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CESR advice on national GAAP equivalence to IFRSs

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11 Jul 2005

The Committee of European Securities Regulators (CESR) has published its final technical advice to the European Commission on the equivalence between Canadian, Japanese, and US general accepted accounting principles (GAAP) and IFRSs.

CESR's principal conclusion is that "the three countries' GAAPs, each taken as a whole, are equivalent to IFRSs". Therefore, CESR recommends that non-European companies trading in European securities markets be allowed to submit financial statements in Canadian, Japanese, and US GAAP without a full reconciliation of their accounts to IFRSs. However, they must provide information about certain specific differences between those national GAAPs and IFRSs. CESR's advice includes a non-exhaustive standard-by-standard list of differences as of 1 January 2005 for which disclosure of the nature and effect of the differences is required. CESR intends to update the list as of 1 January 2007. In addition, CESR proposes the following:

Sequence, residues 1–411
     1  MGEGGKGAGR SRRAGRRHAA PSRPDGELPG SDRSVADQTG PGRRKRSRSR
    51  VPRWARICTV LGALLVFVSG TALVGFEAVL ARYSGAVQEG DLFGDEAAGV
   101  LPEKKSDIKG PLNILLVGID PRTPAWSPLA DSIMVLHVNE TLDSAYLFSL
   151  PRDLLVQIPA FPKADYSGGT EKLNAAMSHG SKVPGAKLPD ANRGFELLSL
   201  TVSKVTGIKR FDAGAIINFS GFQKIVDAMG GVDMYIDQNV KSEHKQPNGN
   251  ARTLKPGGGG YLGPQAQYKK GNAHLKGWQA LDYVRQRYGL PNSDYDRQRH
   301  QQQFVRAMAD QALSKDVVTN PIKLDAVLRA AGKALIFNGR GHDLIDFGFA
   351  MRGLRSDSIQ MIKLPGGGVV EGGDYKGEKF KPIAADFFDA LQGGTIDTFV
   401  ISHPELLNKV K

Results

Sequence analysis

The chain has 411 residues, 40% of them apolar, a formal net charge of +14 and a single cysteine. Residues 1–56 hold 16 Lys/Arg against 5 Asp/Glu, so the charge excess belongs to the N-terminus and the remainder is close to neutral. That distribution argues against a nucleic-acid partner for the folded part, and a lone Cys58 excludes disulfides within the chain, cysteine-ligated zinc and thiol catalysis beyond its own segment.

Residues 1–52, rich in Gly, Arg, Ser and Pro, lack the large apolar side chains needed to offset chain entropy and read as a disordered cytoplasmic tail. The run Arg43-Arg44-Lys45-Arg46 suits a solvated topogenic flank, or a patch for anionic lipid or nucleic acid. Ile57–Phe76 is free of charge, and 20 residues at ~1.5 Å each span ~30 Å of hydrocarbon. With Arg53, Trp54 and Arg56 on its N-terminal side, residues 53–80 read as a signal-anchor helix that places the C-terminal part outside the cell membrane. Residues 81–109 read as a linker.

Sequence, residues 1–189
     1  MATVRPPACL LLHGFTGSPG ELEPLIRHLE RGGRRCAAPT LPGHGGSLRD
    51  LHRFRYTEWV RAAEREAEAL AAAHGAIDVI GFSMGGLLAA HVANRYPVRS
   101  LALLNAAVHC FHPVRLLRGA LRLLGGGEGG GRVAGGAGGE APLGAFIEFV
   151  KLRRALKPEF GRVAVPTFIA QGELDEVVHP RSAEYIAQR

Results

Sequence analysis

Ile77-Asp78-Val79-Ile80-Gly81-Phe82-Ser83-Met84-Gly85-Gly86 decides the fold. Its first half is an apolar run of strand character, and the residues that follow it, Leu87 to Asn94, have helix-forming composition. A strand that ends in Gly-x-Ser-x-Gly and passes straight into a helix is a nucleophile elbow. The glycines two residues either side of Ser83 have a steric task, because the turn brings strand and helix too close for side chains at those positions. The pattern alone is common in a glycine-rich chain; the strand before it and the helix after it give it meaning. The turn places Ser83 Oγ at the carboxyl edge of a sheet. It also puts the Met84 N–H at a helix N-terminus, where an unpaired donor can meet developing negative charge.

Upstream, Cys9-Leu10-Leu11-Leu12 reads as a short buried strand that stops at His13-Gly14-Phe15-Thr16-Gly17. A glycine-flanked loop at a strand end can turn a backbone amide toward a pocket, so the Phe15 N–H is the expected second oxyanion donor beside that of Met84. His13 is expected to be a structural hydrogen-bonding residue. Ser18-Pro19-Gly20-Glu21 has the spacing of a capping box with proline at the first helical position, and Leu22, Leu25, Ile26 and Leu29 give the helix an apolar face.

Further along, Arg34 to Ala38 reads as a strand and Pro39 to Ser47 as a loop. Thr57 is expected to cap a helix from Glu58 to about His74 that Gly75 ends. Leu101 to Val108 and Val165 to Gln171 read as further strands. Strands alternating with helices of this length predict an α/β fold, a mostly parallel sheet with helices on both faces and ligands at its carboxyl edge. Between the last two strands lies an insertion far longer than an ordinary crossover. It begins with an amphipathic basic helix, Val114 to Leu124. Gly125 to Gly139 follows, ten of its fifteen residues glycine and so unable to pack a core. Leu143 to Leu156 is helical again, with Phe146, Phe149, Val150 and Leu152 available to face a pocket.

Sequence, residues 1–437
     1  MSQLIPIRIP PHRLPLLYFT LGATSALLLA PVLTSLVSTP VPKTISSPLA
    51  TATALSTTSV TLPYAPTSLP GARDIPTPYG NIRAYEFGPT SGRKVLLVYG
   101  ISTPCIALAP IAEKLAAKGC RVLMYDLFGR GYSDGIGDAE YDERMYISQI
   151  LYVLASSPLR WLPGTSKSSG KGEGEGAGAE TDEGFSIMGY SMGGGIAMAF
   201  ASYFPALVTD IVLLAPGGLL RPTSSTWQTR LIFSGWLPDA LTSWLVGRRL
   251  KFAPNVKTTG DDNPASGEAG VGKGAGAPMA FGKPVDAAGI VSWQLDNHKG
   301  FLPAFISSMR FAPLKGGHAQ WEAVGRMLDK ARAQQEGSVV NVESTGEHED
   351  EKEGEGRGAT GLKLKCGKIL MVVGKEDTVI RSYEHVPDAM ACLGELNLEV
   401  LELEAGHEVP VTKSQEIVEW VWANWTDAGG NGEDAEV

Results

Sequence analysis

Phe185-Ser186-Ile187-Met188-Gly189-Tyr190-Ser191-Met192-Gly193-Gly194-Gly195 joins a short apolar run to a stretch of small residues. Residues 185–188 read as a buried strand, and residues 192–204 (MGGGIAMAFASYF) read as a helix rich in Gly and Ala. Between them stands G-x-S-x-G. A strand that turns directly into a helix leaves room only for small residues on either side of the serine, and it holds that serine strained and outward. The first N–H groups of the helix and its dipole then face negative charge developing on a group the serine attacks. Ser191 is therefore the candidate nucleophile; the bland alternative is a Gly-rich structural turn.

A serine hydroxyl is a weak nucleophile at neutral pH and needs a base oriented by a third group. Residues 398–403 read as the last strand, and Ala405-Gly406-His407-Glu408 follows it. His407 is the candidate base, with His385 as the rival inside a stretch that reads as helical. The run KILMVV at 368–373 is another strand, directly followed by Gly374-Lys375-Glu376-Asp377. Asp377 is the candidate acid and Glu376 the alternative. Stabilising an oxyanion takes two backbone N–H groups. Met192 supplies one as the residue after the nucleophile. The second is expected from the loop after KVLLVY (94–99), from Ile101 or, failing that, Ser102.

• Companies that have subsidiaries such as Qualifying Special Purpose Entities (QSPEs) that are not consolidated for third country GAAP purposes, but are required to be consolidated for the purposes of IFRS, must report a pro-forma balance sheet and profit and loss account on their local GAAP basis, but including the unconsolidated subsidiaries.
  • Companies reporting under Japanese GAAP that have either accounted for mergers by the pooling of interest method and/or have consolidated subsidiaries on the basis of GAAPs that are not consistent with either IFRS or any of the third country GAAPs should report a pro-forma balance sheet and profit and loss account on the basis of IFRS covering business combinations and consistent accounting policies, respectively.
  • Japanese and US issuers must adopt accounting policies for the expensing of stock options on a basis equivalent (but not necessarily identical) to IFRSs, for implementation on or before 1 January 2007. (The US has already adopted such a standard, and Japan is considering doing so.)
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